Remembering Gary one year after death

Hurtful Memories Heal Slowly

By Jeff Frankel

This Sunday marks the one-year anniversary of the death of Gary DeVercelly Jr.

The freshman from Long Beach, Calif., died March 30, 2007, at Capital Health System at Fuld campus, after authorities said he consumed a lethal amount of alcohol.

Since then — and despite several positive movements on campus, including plans for a new residence hall and an increase in enrollment — DeVercelly’s death has continued to have an influence on the Rider community, most notably in the form of a new alcohol policy and a $75 million lawsuit filed by his parents against the University.

In addition, two University administrators, Dean of Students Anthony Campbell and Director of Greek Life Ada Badgely, were indicted in connection with his death, but all charges were eventually dropped.

And even a year after his death, loved ones are still mourning his loss.

“You are truly a special person and I have never met anyone like you,” DeVercelly’s then-girlfriend, Diane Poissant, wrote on a filled message board honoring him online. “You cared so much about everyone and always made sure we were safe and taken care of. All your friends and family miss you so much and we know that you are looking down on us. You will forever be in our hearts, Gary.

“You were the one person I could tell anything to and you were always there whenever I had a problem. I will never forget all the fun times we had and our long three-hour phone conversations. I love you, Gary, and I know you will always be looking out for all your loved ones.”

The brothers of the former fraternity can’t believe a year has gone by already, said Brian Pawelko, Lawrenceville SGA vice president and former Phi Kappa Tau (PKT) member.

“It’s definitely tough,” he said. “Most of the brothers think back and it seems so short, but it really was a year ago. I don’t think there is ever a way we can forget about that.”

His death still strikes a nerve with school administrators, including Campbell.

“I still feel for Gary and for his family,” he said. “I’m still saddened by that. To me, anytime a student’s life is lost, it’s a tragedy. Not a day goes by where I don’t think about Gary and think about some of the other students as well.”

For a time three fraternity brothers, seniors Adriano DiDonato, of Princeton, and Dominic Olsen, of Kenilworth, N.J., and former PKT fraternity president Mike Torney, of Randolph, N.J., faced charges along with Campbell and Badgley.

Charges against the administrators were later dropped, and DiDonato and Olsen were granted Pre-Trial Intervention (PTI) to avoid trial and criminal sentencing. Torney was unable to apply for PTI because of a prior offense. He will face a judge on April 22 to accept a plea deal or fight the charges in court.

The DeVercelly family later filed a civil suit against the University claiming that negligence by officials, employees and PKT brothers caused the freshman’s death after an alleged fraternity hazing.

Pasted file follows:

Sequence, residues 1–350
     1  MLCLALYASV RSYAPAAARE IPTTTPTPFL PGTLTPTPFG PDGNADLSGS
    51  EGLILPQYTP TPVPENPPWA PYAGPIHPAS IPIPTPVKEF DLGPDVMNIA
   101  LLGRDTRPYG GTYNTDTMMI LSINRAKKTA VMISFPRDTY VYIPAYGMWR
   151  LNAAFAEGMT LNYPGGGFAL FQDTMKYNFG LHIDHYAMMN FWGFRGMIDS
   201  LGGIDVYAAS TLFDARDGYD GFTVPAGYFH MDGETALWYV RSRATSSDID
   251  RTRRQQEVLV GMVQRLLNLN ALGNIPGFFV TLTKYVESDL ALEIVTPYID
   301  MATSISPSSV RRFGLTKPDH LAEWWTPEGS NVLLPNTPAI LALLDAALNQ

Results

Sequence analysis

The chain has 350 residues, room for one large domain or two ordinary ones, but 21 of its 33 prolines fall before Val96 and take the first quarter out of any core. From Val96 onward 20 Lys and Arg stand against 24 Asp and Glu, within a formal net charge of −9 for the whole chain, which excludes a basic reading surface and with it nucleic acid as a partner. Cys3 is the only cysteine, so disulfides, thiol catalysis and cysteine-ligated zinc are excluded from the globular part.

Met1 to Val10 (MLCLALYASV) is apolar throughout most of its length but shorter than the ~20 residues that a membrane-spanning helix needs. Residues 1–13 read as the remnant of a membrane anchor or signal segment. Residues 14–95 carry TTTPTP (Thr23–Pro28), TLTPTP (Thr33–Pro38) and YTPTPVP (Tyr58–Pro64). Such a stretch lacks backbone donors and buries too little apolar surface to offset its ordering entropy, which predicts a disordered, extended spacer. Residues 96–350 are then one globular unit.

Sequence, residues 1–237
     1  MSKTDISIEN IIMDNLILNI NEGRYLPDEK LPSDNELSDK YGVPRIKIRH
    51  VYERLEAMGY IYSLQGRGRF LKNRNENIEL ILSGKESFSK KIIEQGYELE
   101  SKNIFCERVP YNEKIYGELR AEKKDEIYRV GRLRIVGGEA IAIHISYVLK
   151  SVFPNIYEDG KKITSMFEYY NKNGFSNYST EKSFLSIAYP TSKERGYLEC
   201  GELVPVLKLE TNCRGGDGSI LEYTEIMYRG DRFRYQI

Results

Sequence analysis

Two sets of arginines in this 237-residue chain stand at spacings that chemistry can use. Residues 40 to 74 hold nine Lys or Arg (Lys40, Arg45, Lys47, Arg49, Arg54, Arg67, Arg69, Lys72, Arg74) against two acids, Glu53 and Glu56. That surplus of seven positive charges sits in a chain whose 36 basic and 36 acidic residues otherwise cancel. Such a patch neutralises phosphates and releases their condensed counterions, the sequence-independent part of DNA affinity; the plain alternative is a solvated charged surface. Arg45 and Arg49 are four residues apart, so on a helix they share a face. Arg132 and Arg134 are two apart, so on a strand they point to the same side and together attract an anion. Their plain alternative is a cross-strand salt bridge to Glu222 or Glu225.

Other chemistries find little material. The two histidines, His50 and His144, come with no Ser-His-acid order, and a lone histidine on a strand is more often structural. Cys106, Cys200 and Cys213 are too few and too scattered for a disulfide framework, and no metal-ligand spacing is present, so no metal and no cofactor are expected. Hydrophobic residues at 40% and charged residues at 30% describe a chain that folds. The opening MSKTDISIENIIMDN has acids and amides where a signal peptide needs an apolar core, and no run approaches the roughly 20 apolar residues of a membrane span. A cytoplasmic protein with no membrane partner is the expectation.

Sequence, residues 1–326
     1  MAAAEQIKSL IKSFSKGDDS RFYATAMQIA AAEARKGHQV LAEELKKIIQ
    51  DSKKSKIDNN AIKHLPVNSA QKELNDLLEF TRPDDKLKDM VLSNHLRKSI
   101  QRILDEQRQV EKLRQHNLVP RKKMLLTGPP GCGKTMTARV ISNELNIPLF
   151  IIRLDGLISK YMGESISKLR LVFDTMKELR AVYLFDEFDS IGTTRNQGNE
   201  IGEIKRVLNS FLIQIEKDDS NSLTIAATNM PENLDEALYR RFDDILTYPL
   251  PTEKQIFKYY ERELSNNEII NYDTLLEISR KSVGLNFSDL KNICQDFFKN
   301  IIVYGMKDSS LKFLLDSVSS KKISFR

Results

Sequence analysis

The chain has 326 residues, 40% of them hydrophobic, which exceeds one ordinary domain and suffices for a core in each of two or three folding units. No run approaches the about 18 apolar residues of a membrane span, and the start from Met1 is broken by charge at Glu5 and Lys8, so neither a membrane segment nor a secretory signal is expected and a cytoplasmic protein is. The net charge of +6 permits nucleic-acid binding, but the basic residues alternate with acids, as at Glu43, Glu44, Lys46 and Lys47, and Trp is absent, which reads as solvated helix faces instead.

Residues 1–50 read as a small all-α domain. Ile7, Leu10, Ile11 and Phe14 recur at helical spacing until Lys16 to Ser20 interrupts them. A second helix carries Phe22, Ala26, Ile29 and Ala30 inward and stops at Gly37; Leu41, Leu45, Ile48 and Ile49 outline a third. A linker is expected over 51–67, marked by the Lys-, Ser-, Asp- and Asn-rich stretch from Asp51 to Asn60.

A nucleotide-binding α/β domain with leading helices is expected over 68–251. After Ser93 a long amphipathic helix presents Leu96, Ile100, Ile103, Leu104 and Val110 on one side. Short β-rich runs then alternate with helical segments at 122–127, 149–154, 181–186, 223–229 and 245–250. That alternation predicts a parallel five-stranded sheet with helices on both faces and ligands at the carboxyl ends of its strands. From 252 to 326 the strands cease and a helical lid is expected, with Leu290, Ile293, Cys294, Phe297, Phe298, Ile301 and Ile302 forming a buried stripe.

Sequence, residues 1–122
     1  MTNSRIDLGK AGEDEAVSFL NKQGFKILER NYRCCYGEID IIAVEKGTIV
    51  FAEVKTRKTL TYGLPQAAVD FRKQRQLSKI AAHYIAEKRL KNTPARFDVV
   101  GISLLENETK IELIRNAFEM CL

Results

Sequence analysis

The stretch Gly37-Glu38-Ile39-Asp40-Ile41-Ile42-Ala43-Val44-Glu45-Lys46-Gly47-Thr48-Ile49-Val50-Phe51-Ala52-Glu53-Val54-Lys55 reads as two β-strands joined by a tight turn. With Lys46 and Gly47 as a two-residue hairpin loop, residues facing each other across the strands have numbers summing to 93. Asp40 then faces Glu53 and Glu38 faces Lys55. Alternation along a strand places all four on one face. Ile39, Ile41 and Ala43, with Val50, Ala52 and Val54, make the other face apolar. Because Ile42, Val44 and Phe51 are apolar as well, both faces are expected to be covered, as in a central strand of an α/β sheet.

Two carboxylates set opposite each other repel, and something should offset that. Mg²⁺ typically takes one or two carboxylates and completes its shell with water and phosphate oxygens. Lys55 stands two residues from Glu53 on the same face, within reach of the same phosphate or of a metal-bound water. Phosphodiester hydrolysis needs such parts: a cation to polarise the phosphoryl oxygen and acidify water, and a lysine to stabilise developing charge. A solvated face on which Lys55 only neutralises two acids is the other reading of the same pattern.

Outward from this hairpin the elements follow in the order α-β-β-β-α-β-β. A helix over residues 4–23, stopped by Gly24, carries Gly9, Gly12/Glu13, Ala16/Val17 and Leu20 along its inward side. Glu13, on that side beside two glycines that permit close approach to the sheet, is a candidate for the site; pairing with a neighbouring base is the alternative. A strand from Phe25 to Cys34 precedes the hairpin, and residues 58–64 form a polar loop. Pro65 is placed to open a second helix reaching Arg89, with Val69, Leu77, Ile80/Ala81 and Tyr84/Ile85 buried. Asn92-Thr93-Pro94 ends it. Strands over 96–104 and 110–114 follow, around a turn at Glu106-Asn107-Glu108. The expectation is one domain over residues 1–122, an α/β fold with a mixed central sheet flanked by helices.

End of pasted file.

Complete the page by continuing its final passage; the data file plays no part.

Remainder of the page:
Filed in Mercer County Superior Court on Dec. 28, the wrongful death suit cites what it calls the University’s reckless mismanagement and willful disregard of its fraternities, along with the PKT members’ failure to help DeVercelly after he drank three-quarters of a bottle of Absolut vodka.

“It’s still moving forward and the defendants are coming forward and producing documents,” said Douglas Fierberg, the lawyer retained by the family. “We are likely to add additional injuries as we learn new information.

“I have recently talked to the family and they are still devastated over his senseless death.”

Fierberg is considered one of the nation’s most prominent lawyers in wrongful death and serious personal injury cases involving colleges.

Following DeVercelly’s death, Rider made sweeping changes to its own alcohol policies as a result of the 19 recommendations conceived by the Presidential Task Force on Alcohol, Personal Responsibility and Student Life.

The new guidelines prohibit alcohol at both residence halls and Greek houses, and Greek Life can no longer host parties where alcohol is served in an unsupervised manner.

“I think it’s certainly changed, there’s no doubt against that,” Pawelko said. “I think the overall campus attitude has changed, it’s a little more somber.”

The Department of Public Safety has also stepped up in being even more proactive when it comes to the safety of the students, said Vickie Weaver, director of Public Safety.

“We do park, walk and talks in the residence halls and all the exteriors,” she said. “The students know that we’re there. By doing the walk-throughs through residence halls and Greek houses, we’ve been able to identify some potentially troublesome areas and address them before matters get out of hand.”

The new restrictions may have already pushed drinking off campus and have changed the atmosphere of the University, Campbell said.

“I think it has changed in terms of the mood,” he said. “This is a year of transition, and anytime you have transition, [the] change is difficult. It takes a while for people to mourn the past and understand the future.”

However, he also said that Greek life has made giant leaps forward since the policies were introduced.

“The Greek groups as a whole have done a very good job of stepping up,” Campbell said. “When you look how Bid Day is now, compared to Bid Day a year ago, when you look at Sweetheart Weekend now and Sweetheart Weekend a year ago, they are totally different events. They’ve stepped up and taken the lead in non-alcohol related events.”

Campbell also said he feels confident that students are learning to live by the new rules.

“For the most part, I would say that most of our students are adapting,” he said. “That’s the best way to put it. I think students have been understanding of what we are trying to do and have been supportive, generally, of the process.”

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